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    Slide 1:Be vewy vewy quiet

    Wewe anesthetizing wabbits. Selina Balding & C. J. Weideman

    Slide 2:Why use anesthesia in Rabbits?

    Slide 3:Thats a very BAD BUNNY!!!

    (No yogurt drops for him)

    Slide 4:Why ELSE would you anesthetize a rabbit???

    Common surgical procedures Neutering (Gee doc, my rabbit made love to my slipper SIX TIMES last night!) Spaying (The kids have seen the miracle of life 5 times this year already!) Dental work Trichobezoars (Hairballs) Tumor removal, wound treatment, etc

    Slide 5:Pre-operative considerations

    Basic Husbandry Body weight, diet, caging/housing, companions To fast, or not to fast? Pre-Sx Bloodwork Serum chemistry profile +/- CBC depending on procedure Bare minimum (in our opinion): TS, PCV, Glucose Accurate weight (Duh!)

    Slide 6:Possible Pre-medications & induction agents

    Ketamine/Diazepam 0.2-0.5 mg/kg Diaz. IV then 10-15 mg/kg Ket. to effect. Acepromazine 0.75-1.0 mg/kg IM (No, the decimal points are NOT in the wrong place). Many other possibilities/combinations. Telazol not recommended At higher doses, can be nephrotoxic. Other possibilities: Propofol (10 mg/kg, slow bolus3-5 minutes); Thiopental; XylazineOther possibilities: Propofol (10 mg/kg, slow bolus3-5 minutes); Thiopental; Xylazine

    Slide 7:Intubation

    Unless rabbit is very large, intubation is blind Lidocaine splash is possible with visualization in large rabbits Most rabbits masked, not intubated Practice, practice, practice

    Slide 8:Inhalant Anesthetic Agents

    Isoflurane Inhalant of choice Can induce with Iso alone Induction: 3-5% Maintenance: 1.5-1.75% Halothane Induction: 3-4% Maintenance: 0.5-2% Sevoflurane To effect More expensive

    Slide 9:Surgical considerations

    Bain system is preferred over re-breathing system Chest elevation Temperaturemonitor frequently to avoid bunny-cicles Fluids If procedure > hour. 5-10 ml/kg/hr crystalloid fluids, add 5% dextrose Monitor as in other species (Pulse, respiration, etc) May need to use stainless steel sutures to prevent post-op complications (Remember: Rabbits chew!)

    Slide 10:Post Operative Care

    Keep warm, but not too warmwe arent dealing with tropical species here! QUIET!!! May or may not need to isolate from other rabbits Feed Blenderize regular pelleted feed with water. Can also be done with veggies, greens, etc Last resort: Canned, strained pumpkin (without pie spice!) Pain management Have regular favorite feeds available. Liquid feeds are mostly for a Just in case scenario. Want to prevent gastric ulcers and GI stasis.Have regular favorite feeds available. Liquid feeds are mostly for a Just in case scenario. Want to prevent gastric ulcers and GI stasis.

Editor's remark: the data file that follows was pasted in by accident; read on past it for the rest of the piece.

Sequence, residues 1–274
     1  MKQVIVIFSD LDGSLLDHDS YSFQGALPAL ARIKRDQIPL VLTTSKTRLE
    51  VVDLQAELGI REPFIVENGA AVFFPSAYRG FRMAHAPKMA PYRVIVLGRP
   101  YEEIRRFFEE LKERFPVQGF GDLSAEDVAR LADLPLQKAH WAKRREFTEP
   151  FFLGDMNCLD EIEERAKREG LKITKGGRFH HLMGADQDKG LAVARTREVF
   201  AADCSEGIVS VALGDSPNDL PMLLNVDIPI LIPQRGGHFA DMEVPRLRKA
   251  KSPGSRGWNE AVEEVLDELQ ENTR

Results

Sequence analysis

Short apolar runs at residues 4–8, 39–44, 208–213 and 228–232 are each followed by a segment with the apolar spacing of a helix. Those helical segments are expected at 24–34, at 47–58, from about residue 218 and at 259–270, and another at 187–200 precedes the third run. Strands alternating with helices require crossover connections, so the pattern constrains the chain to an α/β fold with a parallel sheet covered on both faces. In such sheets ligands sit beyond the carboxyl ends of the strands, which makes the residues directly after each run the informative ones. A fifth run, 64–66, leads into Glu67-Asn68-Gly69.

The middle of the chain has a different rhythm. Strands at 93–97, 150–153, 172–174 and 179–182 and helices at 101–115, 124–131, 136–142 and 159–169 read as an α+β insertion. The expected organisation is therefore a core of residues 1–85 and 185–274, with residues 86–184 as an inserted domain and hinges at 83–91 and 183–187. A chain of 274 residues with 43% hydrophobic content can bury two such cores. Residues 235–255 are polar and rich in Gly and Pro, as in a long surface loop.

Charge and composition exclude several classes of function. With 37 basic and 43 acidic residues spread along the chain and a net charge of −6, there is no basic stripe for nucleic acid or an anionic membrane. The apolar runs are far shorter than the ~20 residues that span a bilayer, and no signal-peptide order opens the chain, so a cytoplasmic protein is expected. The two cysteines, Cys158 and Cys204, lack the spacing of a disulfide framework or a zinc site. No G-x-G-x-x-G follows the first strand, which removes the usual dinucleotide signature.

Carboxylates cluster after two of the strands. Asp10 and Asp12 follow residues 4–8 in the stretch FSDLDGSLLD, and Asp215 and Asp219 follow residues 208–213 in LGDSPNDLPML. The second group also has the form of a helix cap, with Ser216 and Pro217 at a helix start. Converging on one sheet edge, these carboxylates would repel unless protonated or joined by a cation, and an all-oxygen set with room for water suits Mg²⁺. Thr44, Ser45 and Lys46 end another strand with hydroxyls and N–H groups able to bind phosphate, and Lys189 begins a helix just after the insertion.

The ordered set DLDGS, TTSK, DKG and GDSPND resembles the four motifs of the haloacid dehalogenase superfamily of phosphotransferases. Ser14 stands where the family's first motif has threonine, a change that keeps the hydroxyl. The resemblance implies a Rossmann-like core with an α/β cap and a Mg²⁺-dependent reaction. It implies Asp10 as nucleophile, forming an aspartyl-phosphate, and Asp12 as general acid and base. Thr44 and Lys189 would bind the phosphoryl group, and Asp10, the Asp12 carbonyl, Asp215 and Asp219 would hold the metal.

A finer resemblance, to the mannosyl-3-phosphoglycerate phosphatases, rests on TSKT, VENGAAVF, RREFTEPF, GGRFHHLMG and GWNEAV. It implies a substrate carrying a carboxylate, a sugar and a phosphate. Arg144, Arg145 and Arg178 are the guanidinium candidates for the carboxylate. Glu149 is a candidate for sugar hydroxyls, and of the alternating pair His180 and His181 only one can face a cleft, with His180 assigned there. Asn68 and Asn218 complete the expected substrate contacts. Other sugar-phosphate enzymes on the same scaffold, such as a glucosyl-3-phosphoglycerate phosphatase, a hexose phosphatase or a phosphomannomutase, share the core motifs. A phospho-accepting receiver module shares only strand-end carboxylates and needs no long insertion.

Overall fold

Daytona International Speedway Policing Pain

    Slide 13:Why should we care?

    Decreasing pain can shorten recovery time Rabbits in pain may not eat, possibly leading to gastric ulcers and/or GI stasis Remember: above all DO NO HARM Imagine getting yourself castrated or hysterectomized with no pain killers

    Slide 14:Signs of Pain

    Bunnies cant say OWEEEEE! Reduced feed/water intake Lack of grooming Hunched position and refusal to move Put head in corner/hide Abnormal aggression towards handlers/companions Vocalization on handling Not consuming cecals Tooth grinding

    Slide 15:Means of Alleviating Pain

    Warm compress Soft resting area/bedding Medical management Many, many options. See next slide. Disclaimer: We do not condone the use of illicit substances for pain management in animals.

    Slide 16:Pain killers

    NSAIDS Acetaminophenalone or in combination with codeine Aspirin Carprofenfor chronic joint pain Flunixin meglumineuse for no more than 3 days IbuprofenGI side effects common Opioids Buprenorphine, Butorphanol Morphine Many many others.

    Slide 17:So many drugsHow do I choose the right one?

    Many analgesics can be used in rabbits Check a formulary for the dose and side effects Avoid those with GI side effects Plumb does have doses for rabbits Look around your clinicuse what you havejust check for the right dosage!Look around your clinicuse what you havejust check for the right dosage!

    Slide 18:When all else fails


    Slide 19:Means of euthanasia

    Consider the owners feelings They may not want to see you fishing for veins Anesthetic overdosecan use gas anesthetics Carbon Dioxide Other means See next slide

    Slide 20:Wecommended ONLY for wild (wascally) wabbits!!!

    Wabbit swayer!!!

    Slide 21:Final disposition

    Depending on cause of death and/or illnessnecropsy? The owner may want to take the body They may want you to dispose of it Normal rendering service. Others See upcoming slides

    Slide 22:If healthy, and gassed down with CO2

    The circle of life Especially if youre involved with wildlife rehab Not recommended for peoples pets.

    Slide 23:And for the one Elmer got

    2-3 cottontail rabbits 3 potatoes--diced 1 handful baby carrots 1 handful corn 1 handful peas 1 cups flour 1 cups water Salt & Pepper to taste 2 tsp. Garlic powder 1 tsp. Paprika Peel meat from rabbit carcasses. (Its a good idea to make sure you get all the shot out at this point.) Coat meat with flour/seasonings and place in crock pot. Add veggies to crock pot. Add water. Cook on low-medium heat for 6-8 hours. Add 1-2 tsp corn starch, as needed, after cookingto thicken broth/gravy. Best served with Biscuits.

    Slide 24:References

    Hillyer EV, Quesenberry KE. Ferrets, Rabbits, and Rodents, Clinical Medicine and Surgery. Saunders, Philadelphia. 1997. Carpenter JW, Mashima TY, Rupiper DJ. Exotic Animal Formulary, Second Edition. Saunders, Philadelphia. 2001 Cantwell, SL. Ferret, Rabbit, and Rodent Anesthesia. The Veterinary Clinics of North America, Exotic Animal Practice, Analgesia and Anesthesia. Saunders, Philadelphia. 2001. pp. 169-191. Kris Springsteen, LVT